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From Stefano Mazzocchi <>
Subject Re: Thoughts on a data-driven web site
Date Thu, 22 Jun 2000 19:16:34 GMT
Jonathan Stimmel wrote:
> On Thu, Jun 22, 2000 at 01:28:54AM +0200, Stefano Mazzocchi wrote:
> > > In my mind, there are two basic applications for cocoon. In one case,
> > > cocoon needs to format a page based on a single content source. For
> > > instance, you might have a news directory filled with xml documents,
> > > and you want cocoon to display them with a few navigation links. In the
> > > other (the case I am pursuing in depth), you have a variety of content
> > > sources which must be integrated into a page.
> >
> > why? is there a place where Cocoon limits you action for content
> > generation?
> I'm not sure I understand your question...

I mean: does XSP limit your ability to incorporate different content
sources into your page?
> > > I do want to give the presentation designers the ability
> > > to choose which content sources are used in a given page, but I do
> > > *not* want to give our web designers the opportunity to write Java
> > > code.
> >
> > Well, don't allow them to do it :-)
> Agreed, however this organisation has problems setting requirements
> and then following them. Enforcing good practices in the sites
> infrastructure will help enforce organisational processes.

> > Give them a simple layout schema
> >
> >  <page>
> >   <banner .../>
> >   <content .../>
> >   <sidebar .../>
> >   ...
> >  </page>
> >
> > and use an XSLT stylesheet to transform the above with XSLT into XSP
> > with taglibs.
> If I understand XSP taglibs correctly (in cocoon1 at least), you create
> an XSLT stylesheet to "inject" code into the resulting XSP page? So
> the net result is a giant XSP page (assuming lots of taglibs). If this
> is accurate, then I don't like it because:
>  - adding a new taglib forces recompilation of any XSP pages which
>    use the new tag

c'mon, where's the problem for this?
>  - it allows independent coding efforts to interact with unintentional
>    effects (I noticed that the util taglib creates a new code block
>    when it needs a variable; what would happen if this was omitted?)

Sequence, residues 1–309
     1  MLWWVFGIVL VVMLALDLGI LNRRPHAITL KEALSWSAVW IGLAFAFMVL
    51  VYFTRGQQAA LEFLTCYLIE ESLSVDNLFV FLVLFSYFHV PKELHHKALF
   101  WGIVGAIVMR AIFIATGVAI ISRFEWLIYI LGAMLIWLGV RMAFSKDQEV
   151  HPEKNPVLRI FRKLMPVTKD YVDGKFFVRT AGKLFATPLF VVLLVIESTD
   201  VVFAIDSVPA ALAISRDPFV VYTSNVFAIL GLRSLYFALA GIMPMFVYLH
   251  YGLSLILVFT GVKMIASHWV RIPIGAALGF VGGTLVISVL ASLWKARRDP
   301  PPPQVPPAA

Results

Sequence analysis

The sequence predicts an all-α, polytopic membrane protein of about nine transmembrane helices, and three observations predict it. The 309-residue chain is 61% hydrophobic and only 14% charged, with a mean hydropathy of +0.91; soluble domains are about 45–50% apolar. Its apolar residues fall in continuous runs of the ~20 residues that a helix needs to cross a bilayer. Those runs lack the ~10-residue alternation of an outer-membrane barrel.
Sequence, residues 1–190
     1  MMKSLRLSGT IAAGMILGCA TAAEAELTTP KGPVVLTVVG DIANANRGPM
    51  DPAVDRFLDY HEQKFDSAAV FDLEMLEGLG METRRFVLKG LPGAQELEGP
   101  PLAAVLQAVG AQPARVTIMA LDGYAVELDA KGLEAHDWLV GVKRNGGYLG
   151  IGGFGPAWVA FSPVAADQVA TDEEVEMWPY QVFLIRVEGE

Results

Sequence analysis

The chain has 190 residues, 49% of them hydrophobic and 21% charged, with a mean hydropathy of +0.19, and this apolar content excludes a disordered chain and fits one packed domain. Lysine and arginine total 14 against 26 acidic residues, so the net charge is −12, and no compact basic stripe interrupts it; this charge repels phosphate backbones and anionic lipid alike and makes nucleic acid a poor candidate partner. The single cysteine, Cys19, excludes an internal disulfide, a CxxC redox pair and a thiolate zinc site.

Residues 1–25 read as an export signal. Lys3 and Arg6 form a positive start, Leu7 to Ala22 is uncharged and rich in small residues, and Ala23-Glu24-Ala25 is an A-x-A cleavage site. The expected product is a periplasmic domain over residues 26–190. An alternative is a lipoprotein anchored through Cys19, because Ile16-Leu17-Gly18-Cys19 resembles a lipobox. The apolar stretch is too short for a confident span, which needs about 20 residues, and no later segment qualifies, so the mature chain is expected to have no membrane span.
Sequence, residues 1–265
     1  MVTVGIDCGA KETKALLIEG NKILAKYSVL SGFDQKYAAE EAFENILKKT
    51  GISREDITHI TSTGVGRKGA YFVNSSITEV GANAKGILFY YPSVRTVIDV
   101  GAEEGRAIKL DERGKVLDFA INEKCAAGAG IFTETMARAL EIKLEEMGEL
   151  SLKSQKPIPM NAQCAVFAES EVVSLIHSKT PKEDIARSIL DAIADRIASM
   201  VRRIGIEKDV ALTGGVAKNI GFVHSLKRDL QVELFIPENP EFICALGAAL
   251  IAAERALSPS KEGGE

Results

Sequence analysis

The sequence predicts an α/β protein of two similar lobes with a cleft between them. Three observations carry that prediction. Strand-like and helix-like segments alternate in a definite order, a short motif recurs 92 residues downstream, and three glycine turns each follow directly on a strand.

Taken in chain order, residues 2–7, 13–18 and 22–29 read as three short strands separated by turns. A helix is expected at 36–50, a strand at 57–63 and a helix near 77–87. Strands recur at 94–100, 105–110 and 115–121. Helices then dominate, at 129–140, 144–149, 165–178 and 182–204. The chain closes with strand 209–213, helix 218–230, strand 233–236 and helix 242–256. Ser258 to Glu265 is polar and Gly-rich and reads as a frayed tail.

>  - it's a more complex pipeline to explain to others

All right, I take this.
>  - last I knew, XSP was still built around DOM (haven't checked
>    the recent update)

XSP are compiled to SAX generators in Cocoon2.
> > Note how this doesn't slow runtime performance since this happens
> > _before_ the page is compiled.
> I'm more concerned with separation of roles and responsibilities
> than with performance (except that I will not use DOM-based

Ok, still, I can't see your points.
> > Well, if your employees are that nasty, you can always "adapt" them to
> > the XSP engine and filter out everything that you don't like... please
> > not the XSLT filter for this is _sooo___ easy to write
> It's easy to write, but also easy to remove.

remove? absolutely not. This is why Cocoon2 removed PIs and created a
sitemap. If you want to lock out your XSP page writers, just don't give
them access to the sitemap and you're done.

> Too often, some VP
> will say to an engineer, "we just made a deal, and have committed
> to implementing this complex new feature by next week" (slightly
> exaggerated).  By making it easy to hack the infrastructure to do
> a quick hack, the VP will be encouraged to do so again, leading
> to another hack, until the site ends up being a giant collection
> of hacks (which we already have :{).

Cocoon1 doesn't help, I totally agree. But here we talk about C2 and the
sitemap gives you the control tool you needed to ensure your lazy
engineers do their job the "elegant" and designed way.... or go thru
loops to make the sitemap change.

> Besides, it lacks elegance =)

It does? I think correct use of pipelines is nothing but inelegant...
but this is just my personal opinion of course.
> > What's wrong with XSLT extentions?
> I don't know, I'll have to look into them.


Stefano Mazzocchi      One must still have chaos in oneself to be
                          able to give birth to a dancing star.
<>                             Friedrich Nietzsche
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